If you have a car loan or a car lease when you file Chapter 7 bankruptcy, you must choose whether you will keep the car and continue to pay for it or whether you will surrender the vehicle and discharge the debt. You indicate your decision to the bankruptcy court and to the car lender on the Statement of Intention. (Learn more about Chapter 7 bankruptcy's Statement of Intention.)
Here are the things you should consider if you do choose to surrender the car.
(If you want to hold onto your car, learn about your options for keeping your car in Chapter 7 bankruptcy.)
When you file bankruptcy, an automatic stay goes into effect that prevents your creditors from taking any collection actions against you. While the stay is in place, creditors cannot call you, send you bills, send you letters or do anything else to collect on the debt. For a car loan, this means that the creditor cannot repossess the car. (Learn more in The Automatic Stay in Chapter 7 Bankruptcy.)
If, on your Statement of Intention, you say you plan to surrender the car, the creditor can either file a motion asking the judge to lift the automatic stay, or the creditor can obtain your agreement to lift the automatic stay. Once the court enters an order lifting the stay, the creditor can repossess the vehicle, or you can voluntarily turn the vehicle in to the creditor at an agreed location. The creditor may also simply wait until your discharge is entered and your case is closed and repossess the vehicle then, when the automatic stay is no longer in effect.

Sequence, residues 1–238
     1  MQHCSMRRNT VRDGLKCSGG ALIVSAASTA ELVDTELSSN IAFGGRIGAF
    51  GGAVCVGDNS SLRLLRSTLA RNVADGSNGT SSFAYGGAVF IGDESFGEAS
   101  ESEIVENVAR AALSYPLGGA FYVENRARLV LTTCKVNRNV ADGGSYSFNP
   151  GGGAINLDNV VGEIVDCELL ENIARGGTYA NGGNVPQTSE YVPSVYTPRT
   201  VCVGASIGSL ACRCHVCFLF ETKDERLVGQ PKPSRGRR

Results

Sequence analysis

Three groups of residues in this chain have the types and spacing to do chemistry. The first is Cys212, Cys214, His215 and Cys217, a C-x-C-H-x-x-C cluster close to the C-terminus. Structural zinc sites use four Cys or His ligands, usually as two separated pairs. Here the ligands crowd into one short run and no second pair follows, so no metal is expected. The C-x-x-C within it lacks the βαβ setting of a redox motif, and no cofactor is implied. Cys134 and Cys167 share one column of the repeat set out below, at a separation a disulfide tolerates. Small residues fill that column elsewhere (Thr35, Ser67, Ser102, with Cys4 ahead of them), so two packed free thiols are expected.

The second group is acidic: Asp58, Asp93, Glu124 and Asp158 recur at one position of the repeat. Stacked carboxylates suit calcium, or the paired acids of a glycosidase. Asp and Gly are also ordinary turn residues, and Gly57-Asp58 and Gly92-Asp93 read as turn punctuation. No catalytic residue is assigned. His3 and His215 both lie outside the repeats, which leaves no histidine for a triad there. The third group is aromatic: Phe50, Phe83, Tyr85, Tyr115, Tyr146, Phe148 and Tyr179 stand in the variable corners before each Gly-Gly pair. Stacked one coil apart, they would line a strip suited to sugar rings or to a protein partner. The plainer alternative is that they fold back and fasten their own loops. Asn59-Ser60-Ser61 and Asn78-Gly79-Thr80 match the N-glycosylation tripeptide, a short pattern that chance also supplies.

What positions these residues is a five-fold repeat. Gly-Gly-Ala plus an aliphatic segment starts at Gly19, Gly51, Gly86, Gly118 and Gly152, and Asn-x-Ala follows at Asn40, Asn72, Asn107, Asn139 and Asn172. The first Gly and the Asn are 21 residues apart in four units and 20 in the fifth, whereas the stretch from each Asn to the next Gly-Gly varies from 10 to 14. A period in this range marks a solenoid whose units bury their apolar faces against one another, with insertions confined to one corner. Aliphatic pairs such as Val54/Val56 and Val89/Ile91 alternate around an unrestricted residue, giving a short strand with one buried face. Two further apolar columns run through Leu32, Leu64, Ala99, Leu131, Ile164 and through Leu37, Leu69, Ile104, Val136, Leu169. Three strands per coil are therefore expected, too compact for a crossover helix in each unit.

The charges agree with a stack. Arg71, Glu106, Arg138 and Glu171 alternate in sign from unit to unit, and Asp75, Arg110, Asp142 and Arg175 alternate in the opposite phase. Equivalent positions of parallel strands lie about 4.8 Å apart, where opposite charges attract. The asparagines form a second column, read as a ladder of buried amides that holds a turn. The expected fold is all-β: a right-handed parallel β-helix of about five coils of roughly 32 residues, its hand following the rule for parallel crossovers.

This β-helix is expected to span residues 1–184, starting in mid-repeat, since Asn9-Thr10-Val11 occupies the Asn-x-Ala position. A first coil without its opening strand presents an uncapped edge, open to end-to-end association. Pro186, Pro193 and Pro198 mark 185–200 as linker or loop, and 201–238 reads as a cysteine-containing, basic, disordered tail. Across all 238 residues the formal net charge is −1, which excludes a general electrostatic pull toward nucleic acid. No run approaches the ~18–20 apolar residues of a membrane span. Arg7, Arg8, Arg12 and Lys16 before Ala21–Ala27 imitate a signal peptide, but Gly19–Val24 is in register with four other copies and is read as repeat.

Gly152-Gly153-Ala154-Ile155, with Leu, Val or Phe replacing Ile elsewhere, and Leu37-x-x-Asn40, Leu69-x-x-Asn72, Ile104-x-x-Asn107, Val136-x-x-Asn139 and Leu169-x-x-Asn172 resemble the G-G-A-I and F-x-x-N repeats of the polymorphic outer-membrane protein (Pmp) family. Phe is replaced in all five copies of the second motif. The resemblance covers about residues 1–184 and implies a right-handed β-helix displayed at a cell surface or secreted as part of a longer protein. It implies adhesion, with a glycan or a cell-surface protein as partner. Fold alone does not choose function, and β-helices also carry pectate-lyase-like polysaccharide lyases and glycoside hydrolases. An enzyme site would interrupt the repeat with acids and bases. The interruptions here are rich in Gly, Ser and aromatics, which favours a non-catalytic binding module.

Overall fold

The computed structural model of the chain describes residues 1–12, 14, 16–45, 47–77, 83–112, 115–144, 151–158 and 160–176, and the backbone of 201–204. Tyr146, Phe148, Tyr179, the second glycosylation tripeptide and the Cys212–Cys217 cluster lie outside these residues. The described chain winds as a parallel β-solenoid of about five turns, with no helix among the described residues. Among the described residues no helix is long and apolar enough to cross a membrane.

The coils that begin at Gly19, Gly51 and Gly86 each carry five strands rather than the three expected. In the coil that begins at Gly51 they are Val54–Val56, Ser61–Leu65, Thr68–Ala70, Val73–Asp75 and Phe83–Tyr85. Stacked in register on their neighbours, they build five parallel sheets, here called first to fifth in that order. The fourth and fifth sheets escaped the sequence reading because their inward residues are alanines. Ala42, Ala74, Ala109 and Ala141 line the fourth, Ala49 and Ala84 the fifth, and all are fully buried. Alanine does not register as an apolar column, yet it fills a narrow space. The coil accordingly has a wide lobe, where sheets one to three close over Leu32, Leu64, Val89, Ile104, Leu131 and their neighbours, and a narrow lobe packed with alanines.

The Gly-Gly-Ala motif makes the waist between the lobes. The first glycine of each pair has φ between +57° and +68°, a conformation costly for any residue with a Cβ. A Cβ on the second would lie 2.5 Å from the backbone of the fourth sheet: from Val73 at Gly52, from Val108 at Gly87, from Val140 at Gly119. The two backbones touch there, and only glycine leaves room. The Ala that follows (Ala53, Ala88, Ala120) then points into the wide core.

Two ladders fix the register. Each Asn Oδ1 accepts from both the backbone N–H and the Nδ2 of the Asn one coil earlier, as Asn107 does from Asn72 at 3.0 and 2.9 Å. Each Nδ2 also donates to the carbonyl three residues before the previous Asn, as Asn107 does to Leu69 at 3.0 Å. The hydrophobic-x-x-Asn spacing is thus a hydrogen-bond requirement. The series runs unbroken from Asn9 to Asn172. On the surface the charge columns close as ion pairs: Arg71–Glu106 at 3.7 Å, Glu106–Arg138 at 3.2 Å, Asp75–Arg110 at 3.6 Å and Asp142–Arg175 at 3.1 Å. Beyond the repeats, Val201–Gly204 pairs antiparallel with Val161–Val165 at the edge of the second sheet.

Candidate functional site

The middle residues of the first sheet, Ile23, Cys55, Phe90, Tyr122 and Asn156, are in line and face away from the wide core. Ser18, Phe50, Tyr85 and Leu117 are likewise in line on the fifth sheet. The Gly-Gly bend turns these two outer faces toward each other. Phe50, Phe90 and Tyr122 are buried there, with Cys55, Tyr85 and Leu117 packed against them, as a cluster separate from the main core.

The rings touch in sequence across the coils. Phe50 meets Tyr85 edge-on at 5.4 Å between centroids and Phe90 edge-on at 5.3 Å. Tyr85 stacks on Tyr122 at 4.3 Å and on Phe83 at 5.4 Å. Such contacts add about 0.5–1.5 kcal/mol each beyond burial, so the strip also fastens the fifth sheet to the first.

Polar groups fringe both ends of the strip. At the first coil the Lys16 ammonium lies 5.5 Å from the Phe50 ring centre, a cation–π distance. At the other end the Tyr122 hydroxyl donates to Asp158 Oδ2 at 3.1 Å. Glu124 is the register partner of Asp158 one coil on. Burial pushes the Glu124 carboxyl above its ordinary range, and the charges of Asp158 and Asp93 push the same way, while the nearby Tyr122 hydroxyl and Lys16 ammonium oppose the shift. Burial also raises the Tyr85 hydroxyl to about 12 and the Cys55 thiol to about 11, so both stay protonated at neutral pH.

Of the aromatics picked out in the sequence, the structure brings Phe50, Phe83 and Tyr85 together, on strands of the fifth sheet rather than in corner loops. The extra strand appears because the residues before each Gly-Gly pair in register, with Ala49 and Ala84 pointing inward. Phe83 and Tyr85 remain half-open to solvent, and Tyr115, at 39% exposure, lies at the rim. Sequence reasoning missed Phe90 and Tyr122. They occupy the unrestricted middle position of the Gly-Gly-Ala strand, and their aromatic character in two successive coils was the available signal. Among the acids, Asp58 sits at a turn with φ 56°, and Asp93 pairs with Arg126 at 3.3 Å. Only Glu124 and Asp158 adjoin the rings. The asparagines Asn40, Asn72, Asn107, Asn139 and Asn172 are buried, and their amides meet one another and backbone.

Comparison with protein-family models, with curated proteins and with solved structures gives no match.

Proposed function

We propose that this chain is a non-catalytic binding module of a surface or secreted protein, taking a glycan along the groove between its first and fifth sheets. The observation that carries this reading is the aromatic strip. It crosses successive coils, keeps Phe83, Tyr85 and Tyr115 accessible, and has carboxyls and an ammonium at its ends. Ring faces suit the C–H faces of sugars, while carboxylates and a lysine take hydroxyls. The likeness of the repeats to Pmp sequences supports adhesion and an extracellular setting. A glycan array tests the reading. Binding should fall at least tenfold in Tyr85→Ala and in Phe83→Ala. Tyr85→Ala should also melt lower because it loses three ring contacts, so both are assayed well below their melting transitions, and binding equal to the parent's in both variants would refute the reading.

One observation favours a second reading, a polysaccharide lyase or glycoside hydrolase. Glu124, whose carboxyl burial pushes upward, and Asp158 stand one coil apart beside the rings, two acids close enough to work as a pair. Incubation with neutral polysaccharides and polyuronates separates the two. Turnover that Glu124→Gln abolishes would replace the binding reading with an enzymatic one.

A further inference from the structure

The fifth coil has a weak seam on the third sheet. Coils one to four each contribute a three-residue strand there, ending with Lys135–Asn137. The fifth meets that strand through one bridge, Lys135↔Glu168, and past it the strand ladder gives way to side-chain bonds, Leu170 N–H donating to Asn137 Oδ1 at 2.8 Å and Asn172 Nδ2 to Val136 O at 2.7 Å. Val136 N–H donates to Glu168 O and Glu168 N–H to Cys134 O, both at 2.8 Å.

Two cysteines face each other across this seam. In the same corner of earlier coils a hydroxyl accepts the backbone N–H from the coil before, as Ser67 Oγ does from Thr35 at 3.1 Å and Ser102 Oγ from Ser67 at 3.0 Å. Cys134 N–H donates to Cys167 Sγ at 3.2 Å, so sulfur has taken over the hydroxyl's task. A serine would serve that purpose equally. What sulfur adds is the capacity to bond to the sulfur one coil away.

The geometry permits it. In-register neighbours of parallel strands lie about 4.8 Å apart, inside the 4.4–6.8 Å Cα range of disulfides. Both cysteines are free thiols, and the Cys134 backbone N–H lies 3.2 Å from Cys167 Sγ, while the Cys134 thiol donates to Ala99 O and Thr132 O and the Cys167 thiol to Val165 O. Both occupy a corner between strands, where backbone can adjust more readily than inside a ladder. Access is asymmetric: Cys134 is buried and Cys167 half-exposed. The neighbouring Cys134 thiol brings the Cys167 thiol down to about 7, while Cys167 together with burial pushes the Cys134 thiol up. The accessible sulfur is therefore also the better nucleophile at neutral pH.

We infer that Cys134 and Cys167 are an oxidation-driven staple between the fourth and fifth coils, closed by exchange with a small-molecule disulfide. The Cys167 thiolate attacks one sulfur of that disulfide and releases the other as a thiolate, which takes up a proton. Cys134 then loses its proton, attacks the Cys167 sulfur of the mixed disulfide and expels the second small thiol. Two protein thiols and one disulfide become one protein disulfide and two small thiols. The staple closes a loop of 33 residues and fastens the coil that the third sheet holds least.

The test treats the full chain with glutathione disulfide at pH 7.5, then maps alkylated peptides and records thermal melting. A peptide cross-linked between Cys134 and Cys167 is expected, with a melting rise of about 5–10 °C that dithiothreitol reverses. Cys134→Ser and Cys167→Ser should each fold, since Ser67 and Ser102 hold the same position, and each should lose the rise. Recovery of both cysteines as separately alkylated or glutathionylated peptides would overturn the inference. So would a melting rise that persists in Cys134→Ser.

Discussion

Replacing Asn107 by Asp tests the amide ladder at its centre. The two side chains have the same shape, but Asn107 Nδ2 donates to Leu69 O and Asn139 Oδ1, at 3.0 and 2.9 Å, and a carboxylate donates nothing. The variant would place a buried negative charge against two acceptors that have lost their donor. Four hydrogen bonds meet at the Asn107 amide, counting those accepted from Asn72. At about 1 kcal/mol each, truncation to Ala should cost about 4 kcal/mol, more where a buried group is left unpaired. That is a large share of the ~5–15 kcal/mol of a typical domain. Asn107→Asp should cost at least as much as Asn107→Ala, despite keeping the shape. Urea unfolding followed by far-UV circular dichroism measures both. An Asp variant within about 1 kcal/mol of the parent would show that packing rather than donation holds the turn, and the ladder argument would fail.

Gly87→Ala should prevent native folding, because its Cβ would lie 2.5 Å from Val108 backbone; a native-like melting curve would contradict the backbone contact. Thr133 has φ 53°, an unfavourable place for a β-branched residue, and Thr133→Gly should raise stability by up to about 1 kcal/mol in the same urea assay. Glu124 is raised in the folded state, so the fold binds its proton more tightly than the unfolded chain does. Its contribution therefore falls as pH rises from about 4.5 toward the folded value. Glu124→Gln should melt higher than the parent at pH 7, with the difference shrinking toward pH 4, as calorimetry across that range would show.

Once the creditor takes the car back, the creditor will sell the car at auction. Any difference between what you owed on the car and the sale price at auction (called the deficiency) is no longer your responsibility; that debt is included in your Chapter 7 discharge. However, if you had a cosigner on the loan, your cosigner will still be legally responsible for the debt. (To learn more about cosigned debt in bankruptcy, see Your Cosigner's Liability for Debt in Chapter 7 Bankruptcy.)
Example 1. Jane has a luxury SUV that she can no longer afford, since she became very ill and cannot work. Her car payment is $500 per month. She files Chapter 7 bankruptcy and surrenders the car, which allows her to use that $500 per month to pay for her medication and special diet.
Example 2. Edward purchased a new car two years ago. At the time, he owed more on his trade-in vehicle than it was worth, so he rolled the excess into his current loan. As a result, at the time he filed Chapter 7 bankruptcy, his car was worth $8,000 but his car loan was $12,000. He surrendered the car in his bankruptcy; the creditor and Edward's attorney signed an agreement to lift the automatic stay, and Edward turned the car in to a local dealership.
Edward's car lender sold the car at auction for $5,000, leaving a $7,000 balance due on the debt. Edward's Chapter 7 discharge means he is not legally obligated to repay that money. However, Edward's father, Jim, cosigned the loan. Jim is still responsible for the $7,000 deficiency, because Edward's discharge does not apply to Jim.
Whether surrendering your car is a good idea depends on your situation.
Pros. The benefits of surrendering a vehicle in bankruptcy are:
Cons. Here are some of the downsides to surrender.